On Air Now
Early Breakfast with Gary King 4am - 6am
9 April 2020, 14:03 | Updated: 9 April 2020, 14:23
Cover versions can be a delicate task. Do you simply copy a song or make it totally your own?
Every artist has attempted a cover version of some kind during their career, and we've picked the times where they arguably improved up on the original:
Originally by: Fleetwood Mac
Eva Cassidy covered many songs throughout her far too short life and career, but arguably her greatest was this beautiful version of an already-brilliant Fleetwood Mac song.
While Christine McVie's original is also fantastic, Eva's version has even more subtle beauty, and is made all the more poignant by her life ending too soon.
Originally by: Bob Marley
Bob Marley and the Wailers first released this reggae classic in 1973, and tells the point of view of a narrator who admits to having killed the corrupt local sheriff, but is also falsely accused of having killed the deputy.
A year later, Eric released a rock-tinged cover version, and it became an even bigger hit than the original.
Originally by: Aerosmith
Run DMC found the perfect way to bring hip-hop into the mainstream, by doing an early form of the mash-up and teaming up with rock legends Aerosmith.
An inspired cover version updating the track with hip-hop beats and rap verses, it was the ultimate way to bring rock and rap together.
Originally by: The Beatles
In the mid-to-late 1960s, pretty much every artist tried to cover The Beatles, but not many could claim to have bettered them at their own game.
Stevie did just that with an inspired soulful cover of 'We Can Work It Out', getting a Grammy nomination in the process.
Originally by: Barry Manilow
Imagine the idea of getting a boyband to record of pop-dance version of a Barry Manilow piano ballad.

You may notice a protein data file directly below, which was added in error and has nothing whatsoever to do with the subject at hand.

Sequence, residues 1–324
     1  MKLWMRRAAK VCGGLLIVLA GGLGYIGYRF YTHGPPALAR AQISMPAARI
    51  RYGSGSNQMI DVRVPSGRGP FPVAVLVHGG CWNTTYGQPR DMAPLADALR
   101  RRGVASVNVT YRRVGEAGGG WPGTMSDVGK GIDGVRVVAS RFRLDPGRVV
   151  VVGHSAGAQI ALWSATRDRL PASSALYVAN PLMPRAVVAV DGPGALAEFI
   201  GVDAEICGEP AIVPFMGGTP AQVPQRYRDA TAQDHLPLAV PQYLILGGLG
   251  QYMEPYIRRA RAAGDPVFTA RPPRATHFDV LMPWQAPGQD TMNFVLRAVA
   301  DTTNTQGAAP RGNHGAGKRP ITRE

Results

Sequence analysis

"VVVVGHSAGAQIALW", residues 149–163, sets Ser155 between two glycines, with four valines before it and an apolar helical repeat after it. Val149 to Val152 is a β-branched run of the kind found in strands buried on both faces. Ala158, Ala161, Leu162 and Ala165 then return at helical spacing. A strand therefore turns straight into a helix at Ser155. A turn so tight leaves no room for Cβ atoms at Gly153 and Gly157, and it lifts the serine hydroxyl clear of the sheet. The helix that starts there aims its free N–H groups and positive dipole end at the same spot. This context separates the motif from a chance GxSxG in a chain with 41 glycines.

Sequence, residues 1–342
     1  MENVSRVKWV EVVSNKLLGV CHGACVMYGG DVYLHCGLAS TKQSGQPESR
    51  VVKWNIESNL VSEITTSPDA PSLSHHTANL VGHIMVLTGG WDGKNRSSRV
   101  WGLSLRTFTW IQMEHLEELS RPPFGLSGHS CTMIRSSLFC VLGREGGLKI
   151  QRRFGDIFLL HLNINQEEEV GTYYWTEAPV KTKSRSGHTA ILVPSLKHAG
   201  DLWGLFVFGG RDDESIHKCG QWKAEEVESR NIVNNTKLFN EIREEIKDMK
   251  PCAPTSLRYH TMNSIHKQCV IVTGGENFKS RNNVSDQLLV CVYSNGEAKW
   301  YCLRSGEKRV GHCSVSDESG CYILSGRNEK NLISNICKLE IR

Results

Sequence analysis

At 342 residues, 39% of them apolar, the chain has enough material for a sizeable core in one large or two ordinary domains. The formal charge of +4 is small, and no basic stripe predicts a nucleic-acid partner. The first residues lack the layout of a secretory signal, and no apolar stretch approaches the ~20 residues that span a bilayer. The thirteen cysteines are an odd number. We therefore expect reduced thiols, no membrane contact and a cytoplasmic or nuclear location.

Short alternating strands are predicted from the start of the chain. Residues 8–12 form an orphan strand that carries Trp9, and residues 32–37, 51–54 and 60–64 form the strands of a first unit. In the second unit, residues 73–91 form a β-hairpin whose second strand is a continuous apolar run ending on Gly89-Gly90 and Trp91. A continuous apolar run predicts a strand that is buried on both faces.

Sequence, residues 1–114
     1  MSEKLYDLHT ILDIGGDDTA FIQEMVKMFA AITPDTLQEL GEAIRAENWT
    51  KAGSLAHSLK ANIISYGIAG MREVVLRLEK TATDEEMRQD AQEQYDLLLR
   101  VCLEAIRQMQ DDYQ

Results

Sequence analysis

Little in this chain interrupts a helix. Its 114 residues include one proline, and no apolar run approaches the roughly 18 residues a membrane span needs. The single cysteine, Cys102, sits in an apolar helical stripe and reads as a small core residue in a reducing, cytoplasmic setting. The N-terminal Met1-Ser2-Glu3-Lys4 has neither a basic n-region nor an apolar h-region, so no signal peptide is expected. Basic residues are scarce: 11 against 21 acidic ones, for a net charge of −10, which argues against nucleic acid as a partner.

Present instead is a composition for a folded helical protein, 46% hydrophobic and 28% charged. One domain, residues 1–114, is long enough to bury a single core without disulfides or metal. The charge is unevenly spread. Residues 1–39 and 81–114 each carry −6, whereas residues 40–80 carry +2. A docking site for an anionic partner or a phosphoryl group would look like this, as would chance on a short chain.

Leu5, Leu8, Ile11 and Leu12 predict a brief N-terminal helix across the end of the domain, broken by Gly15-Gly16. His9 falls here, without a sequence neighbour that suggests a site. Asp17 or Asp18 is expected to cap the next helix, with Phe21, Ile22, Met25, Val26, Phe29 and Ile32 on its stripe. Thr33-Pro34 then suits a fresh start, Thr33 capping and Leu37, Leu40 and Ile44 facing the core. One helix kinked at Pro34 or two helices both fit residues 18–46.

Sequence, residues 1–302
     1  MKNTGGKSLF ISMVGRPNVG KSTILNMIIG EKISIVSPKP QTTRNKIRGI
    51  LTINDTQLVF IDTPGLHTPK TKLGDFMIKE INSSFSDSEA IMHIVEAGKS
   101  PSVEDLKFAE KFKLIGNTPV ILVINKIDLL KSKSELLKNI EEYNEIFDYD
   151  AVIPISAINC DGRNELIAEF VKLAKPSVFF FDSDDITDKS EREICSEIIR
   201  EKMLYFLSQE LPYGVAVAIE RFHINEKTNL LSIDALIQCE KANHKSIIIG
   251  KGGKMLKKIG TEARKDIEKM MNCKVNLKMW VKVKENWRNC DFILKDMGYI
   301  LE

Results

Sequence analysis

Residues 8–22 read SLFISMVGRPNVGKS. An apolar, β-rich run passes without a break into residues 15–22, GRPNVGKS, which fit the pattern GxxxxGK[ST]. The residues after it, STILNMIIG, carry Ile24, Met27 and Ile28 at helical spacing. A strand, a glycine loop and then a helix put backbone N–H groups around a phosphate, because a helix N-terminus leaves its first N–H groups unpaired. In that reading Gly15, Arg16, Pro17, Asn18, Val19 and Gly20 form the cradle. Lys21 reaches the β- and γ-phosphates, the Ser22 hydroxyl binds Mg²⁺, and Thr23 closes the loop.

Somehow, it worked brilliantly.
Originally by: Creedence Clearwater Revival
Creedence Clearwater Revival first recorded this as a rock song in 1969, but it is arguably better known for Tina's cover versions.
In 1970, she first covered with with her husband Ike, transforming it into a funk soul rocker. She later re-recorded it for the 1993 movie What's Love Got to do With It, and it has become one of her signature songs.
Originally by: The Beatles
It's not often that someone can cover The Beatles and actually improve on them, but that's what Joe Cocker did with this previously jaunty track sung by Ringo Starr.
Cocker transformed it into an incredibly powerful soul anthem, immortalised by his perfect performance at Woodstock in 1969.
Originally by: Tears for Fears
The original Tears for Fears track was a truly brilliant dark synthpop tune, but Gary and Michael's haunting take on it 20 years later was a masterstroke.
Recorded for the Donnie Darko soundtrack and later a UK Christmas number one, this was arguably the song that inspired countless piano covers used in adverts and movie trailers ever since.
Originally by: Robert Hazard
Amazingly, this song was originally written from the male perspective about women in the bedroom by Robert Hazard in 1979.
Four years later, Cyndi's version carried a totally different feminist attitude, portraying that all women really wanted was to have the same experience that men could have. It went on to become one of the biggest hits of the 1980s.
Originally by: Seals and Crofts
Seals and Crofts' original version of this summer anthem was a brilliant folk number, but The Isley Brothers made it their own.
They transformed it into a funky soul anthem, with one of the best guitar licks ever recorded.
Originally by: Badfinger
Harry Nilsson first heard this Badfinger ballad at a party, and once realised it wasn't The Beatles, he decided to cover it.